Osogbo: Speaking to the Spirits of Misfortune, by Ócha’ni Lele
Destiny Books, 9781620550984, 240 pp., 2014
I loved Osogbo. I don’t say that often, or lightly; to earn such praise a book has to open up a whole new world for me, to change my point of view, to teach me something I can use daily. This is such a book.
Ócha’ni Lele is a master storyteller, and he has rich material to work with: the oral traditions of the Lucumí religion of western Africa. He opens the book with the story of the twin brothers Iré, blessings, and Osogbo, misfortune, and how Osogbo came to be dominant in our world. Never before have I read an explanation of their relationship so elegant — in the sense that mathematicians use the word, sensible and beautiful in its simplicity. I won’t recount it here; everyone reading this review should experience it through Lele’s words.
I requested this book because of late I’d been dealing with misfortune of my own and thought it might suggest some useful ways to cope. To my Western-trained mind, misfortune is never good, and we need to keep away from it; blessings are what we always ask for.
Believers in Lucumí, however, see it differently — not that they go asking for misfortune, either. They see misfortune as a catalyst to growth, responsible for strengthening us and egging us on to great achievements, necessary for human evolution, decreed by the divine. When it comes — as it always does, since it is more common than blessing — they make ebó, or give offerings, to the osogbo to entice it to leave. Lele explains that Osogbo is both a concept (spelled with an upper-case “O”) and one of 16 embodied spirits of misfortune (spelled with a lower-case “o”). In contrast, there is only one spirit of blessing, Iré.
This was my first exposure to the practices and beliefs of Lucumí, also known (derogatorily, as Lele points out) as Santeria. I could not have asked for a more expert guide than this author. He frames the book within his goddaughter’s experience with ovarian cancer, and divides it into two parts. The first is a primer on Lucumí divination techniques, through which priests speak to their orishas, or patron spirits, for guidance on dealing with misfortune, followed by a discussion of each of the 16 osogbos. The second half is a collection of patakis, or teaching tales, about some of the stronger osogbos, like death and war.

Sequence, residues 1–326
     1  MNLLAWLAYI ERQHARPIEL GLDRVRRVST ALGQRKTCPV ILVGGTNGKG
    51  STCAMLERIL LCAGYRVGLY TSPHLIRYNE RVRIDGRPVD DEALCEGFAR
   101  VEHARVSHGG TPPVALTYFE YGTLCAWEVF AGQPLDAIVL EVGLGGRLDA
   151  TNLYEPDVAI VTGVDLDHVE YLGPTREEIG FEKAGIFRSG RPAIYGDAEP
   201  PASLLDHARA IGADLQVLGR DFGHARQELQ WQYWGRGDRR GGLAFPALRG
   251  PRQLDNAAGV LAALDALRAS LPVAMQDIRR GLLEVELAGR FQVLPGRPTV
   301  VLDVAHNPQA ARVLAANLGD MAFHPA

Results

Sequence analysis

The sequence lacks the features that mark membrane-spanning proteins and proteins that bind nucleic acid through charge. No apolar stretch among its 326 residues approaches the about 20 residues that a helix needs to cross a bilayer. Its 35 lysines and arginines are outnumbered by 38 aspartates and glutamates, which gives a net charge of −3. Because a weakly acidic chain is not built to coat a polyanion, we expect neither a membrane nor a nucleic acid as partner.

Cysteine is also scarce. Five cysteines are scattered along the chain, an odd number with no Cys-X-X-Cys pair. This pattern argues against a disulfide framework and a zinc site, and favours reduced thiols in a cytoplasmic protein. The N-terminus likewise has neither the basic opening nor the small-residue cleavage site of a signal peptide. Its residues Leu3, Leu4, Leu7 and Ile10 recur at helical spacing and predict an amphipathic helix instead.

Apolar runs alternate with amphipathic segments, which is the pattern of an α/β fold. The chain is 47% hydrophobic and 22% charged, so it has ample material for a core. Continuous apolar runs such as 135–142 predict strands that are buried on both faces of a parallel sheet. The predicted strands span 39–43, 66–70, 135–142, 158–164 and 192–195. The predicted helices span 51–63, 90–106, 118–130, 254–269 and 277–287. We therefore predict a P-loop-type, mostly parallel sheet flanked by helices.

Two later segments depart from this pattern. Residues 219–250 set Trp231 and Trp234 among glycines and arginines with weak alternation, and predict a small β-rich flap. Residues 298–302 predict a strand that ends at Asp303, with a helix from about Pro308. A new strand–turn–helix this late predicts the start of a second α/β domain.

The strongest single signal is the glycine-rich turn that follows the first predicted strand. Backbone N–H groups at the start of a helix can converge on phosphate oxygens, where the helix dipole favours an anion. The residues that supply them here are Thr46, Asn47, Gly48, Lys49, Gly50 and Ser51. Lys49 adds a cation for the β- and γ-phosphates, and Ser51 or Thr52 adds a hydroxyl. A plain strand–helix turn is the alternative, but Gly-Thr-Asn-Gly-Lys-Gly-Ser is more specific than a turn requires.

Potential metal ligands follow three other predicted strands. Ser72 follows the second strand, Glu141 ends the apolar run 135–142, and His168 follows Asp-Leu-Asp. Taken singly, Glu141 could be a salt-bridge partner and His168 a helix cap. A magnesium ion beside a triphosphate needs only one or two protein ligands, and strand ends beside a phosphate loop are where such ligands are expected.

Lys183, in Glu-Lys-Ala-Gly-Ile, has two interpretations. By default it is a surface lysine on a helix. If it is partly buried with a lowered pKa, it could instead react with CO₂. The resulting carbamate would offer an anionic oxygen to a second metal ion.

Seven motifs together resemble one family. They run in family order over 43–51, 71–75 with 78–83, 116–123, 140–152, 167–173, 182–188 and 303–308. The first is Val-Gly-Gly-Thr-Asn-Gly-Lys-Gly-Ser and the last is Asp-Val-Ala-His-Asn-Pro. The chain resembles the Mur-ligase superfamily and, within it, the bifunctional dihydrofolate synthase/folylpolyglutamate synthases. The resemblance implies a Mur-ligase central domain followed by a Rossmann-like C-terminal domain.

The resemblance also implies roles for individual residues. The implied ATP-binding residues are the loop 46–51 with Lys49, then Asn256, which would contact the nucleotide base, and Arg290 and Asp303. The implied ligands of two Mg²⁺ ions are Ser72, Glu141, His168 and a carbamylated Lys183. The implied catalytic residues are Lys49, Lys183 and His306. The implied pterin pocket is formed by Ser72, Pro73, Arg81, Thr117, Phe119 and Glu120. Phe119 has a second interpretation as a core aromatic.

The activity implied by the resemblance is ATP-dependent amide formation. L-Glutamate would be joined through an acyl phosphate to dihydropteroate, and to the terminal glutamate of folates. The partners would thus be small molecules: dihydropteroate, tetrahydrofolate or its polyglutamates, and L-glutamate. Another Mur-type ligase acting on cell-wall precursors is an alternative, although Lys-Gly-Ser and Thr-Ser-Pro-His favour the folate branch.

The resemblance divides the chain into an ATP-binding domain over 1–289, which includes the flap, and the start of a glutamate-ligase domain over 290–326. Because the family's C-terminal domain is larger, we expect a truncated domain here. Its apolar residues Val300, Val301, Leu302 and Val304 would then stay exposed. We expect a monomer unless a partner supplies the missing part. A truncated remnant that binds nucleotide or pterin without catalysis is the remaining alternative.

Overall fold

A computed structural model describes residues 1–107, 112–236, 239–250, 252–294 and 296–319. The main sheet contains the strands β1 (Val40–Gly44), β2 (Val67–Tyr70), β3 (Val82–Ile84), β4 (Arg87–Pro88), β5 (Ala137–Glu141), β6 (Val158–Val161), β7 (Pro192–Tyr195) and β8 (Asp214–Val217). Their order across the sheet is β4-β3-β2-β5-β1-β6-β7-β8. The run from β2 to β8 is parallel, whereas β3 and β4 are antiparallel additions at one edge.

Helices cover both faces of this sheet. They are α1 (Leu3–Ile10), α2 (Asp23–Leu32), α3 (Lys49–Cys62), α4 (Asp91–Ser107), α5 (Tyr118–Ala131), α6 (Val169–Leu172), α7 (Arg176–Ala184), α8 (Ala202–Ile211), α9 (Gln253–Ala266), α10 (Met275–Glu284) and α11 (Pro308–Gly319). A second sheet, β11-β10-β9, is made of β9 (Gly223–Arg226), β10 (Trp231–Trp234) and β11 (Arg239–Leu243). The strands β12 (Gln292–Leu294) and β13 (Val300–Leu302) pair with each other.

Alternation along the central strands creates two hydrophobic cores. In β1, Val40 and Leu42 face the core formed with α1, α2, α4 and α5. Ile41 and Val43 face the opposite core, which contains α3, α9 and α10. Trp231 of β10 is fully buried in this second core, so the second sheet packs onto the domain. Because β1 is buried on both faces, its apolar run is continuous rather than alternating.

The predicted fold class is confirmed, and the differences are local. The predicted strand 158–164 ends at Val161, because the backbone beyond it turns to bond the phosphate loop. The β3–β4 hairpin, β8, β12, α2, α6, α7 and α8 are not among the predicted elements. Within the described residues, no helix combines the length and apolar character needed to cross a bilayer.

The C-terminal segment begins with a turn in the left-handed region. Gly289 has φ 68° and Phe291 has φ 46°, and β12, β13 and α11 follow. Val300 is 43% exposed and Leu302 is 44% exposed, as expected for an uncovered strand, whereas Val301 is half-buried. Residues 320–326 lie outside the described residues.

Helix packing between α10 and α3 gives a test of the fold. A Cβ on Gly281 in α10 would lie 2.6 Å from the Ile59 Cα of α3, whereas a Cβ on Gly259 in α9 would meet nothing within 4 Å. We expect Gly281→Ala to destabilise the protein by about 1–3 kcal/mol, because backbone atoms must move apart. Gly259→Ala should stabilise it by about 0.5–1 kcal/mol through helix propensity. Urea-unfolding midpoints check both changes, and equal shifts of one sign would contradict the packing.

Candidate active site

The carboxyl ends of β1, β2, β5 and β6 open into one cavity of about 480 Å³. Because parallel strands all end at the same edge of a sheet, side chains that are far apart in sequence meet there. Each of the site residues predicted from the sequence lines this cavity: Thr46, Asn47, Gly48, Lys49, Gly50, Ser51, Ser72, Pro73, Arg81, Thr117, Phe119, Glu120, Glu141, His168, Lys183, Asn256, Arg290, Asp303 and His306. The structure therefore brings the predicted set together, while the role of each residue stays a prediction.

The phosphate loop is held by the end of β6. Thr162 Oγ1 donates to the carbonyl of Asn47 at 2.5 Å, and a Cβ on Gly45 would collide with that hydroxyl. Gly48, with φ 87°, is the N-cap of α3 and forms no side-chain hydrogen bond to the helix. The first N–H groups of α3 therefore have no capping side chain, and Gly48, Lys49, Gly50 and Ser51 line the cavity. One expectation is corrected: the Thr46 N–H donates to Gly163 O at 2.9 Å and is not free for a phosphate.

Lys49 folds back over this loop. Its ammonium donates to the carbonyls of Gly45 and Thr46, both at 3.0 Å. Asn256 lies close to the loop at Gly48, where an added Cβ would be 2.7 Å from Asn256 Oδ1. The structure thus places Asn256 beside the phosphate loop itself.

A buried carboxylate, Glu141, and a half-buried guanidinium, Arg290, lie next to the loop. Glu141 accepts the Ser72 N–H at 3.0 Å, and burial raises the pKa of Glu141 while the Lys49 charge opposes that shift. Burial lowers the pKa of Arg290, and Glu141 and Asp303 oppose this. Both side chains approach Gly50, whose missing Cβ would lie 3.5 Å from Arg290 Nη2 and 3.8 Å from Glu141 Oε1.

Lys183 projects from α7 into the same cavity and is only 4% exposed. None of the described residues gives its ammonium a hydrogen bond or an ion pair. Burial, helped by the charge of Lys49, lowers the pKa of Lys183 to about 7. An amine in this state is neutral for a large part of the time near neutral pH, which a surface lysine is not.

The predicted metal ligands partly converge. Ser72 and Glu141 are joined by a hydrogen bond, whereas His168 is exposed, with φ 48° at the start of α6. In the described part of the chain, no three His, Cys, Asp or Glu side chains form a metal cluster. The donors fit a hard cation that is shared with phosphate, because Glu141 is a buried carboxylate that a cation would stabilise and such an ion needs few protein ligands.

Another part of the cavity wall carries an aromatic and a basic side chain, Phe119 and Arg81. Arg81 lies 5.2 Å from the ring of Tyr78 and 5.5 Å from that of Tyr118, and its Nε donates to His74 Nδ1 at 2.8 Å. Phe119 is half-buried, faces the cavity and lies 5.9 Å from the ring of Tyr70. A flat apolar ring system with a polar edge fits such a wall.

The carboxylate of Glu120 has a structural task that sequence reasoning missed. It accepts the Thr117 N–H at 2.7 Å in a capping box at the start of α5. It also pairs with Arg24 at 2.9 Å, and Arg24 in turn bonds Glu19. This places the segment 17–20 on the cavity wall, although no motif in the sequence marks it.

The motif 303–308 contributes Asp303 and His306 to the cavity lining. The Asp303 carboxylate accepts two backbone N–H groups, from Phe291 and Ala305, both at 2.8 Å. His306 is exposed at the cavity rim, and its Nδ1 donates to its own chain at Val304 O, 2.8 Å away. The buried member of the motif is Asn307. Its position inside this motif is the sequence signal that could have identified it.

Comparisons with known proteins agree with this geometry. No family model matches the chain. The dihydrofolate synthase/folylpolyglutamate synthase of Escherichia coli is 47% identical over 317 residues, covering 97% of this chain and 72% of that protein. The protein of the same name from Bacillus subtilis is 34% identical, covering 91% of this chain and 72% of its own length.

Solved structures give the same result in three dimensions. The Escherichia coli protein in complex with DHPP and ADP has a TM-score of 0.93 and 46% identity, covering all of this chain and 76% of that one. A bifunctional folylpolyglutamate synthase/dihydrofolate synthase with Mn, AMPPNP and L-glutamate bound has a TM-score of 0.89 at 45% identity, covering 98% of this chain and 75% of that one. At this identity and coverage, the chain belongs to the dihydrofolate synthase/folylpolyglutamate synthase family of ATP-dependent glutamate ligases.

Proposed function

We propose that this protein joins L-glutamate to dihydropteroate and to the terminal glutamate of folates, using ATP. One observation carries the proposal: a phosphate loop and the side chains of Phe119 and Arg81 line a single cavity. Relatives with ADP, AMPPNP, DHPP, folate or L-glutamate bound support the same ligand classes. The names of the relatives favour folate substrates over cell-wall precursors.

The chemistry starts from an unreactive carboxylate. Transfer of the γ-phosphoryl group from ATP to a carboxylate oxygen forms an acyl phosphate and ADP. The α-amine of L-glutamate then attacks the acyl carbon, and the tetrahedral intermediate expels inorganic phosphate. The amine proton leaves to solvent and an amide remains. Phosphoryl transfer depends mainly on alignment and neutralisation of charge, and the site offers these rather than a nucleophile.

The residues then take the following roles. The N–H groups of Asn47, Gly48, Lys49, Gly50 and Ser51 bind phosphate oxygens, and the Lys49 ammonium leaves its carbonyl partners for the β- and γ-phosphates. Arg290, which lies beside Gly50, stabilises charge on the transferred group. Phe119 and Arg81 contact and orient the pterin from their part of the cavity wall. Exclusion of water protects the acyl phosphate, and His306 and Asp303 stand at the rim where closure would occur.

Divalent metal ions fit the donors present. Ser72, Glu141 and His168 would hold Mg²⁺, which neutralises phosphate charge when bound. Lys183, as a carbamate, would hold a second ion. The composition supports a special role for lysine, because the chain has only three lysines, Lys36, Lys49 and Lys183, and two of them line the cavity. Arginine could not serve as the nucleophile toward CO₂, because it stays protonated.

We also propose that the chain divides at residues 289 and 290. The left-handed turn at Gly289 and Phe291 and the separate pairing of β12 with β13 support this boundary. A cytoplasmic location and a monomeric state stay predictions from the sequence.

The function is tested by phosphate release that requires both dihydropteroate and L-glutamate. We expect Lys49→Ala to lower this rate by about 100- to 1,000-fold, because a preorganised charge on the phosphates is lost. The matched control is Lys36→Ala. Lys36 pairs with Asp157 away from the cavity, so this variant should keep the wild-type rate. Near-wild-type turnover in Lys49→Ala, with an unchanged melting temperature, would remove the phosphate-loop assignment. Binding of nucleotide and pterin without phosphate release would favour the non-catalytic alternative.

That Lele used so many Lucumí words without in-line explanation is part of what I greatly liked about the book. It was like being plopped down in a foreign country where nothing was familiar, an experience both confounding and exhilarating. From page one, he immerses the reader in the culture, lore and language of his religion. I was greatly confused during the first couple of chapters (until I thought to check for a glossary), yet I felt that I was there, in that world, a traveller through a fascinating land of embodied spirits that freely interact with humankind. The book is written for practitioners and priests of Lucumí so Lele assumes a certain level of knowledge, yet through his storyteller’s ashé, or gift, he’s made the book just as accessible to newbies like me.
Lele explains how the osogbos fit into the complex Lucumí divination system called the diloggún, in which priests use cowrie shells and other objects to receive guidance from the orishas on how to avoid and fight the spirits of misfortune. I would have welcomed a picture or drawing of these objects or depiction of one of the diloggún spreads Lele describes; then again, since the book is written for people who already have this knowledge, perhaps illustration was thought unnecessary.
Amid the unfamiliar territory I encountered while reading Osogbo, there was one constant I recognized instantly: the ubiquitous indigenous belief in balance as the source of human health and happiness. Lele writes:
When a human being lives in balance with both nature and individual destiny she lives with iré—what in Western terms is called “good.” When she is out of balance with nature or her destiny, she lives with osogbo—what Western thinking calls “evil.” Still, Lucumí initiates do not spend much time concerning themselves with evil; instead, they try to go to the root of the cause, which is osogbo itself.
Going to the root of the cause is the defining practice of all ancient spirituality and medicine. That Lucumí breaks down misfortune into 16 spiritual causes, to pinpoint the root, speaks of a highly developed and effective medicine. It is an intelligence derived from a close association with nature; that is the source of the religion’s elegance.
Lele’s mastery and skill in Lucumí traditions is never in question. His compassion, evident in the afterword where he tells the reader his goddaughter’s fate, brought tears to my eyes. When misfortune visits your house and you wonder why, you may find enlightenment and comfort in the pages of his book. You will, if nothing else, find a great teacher.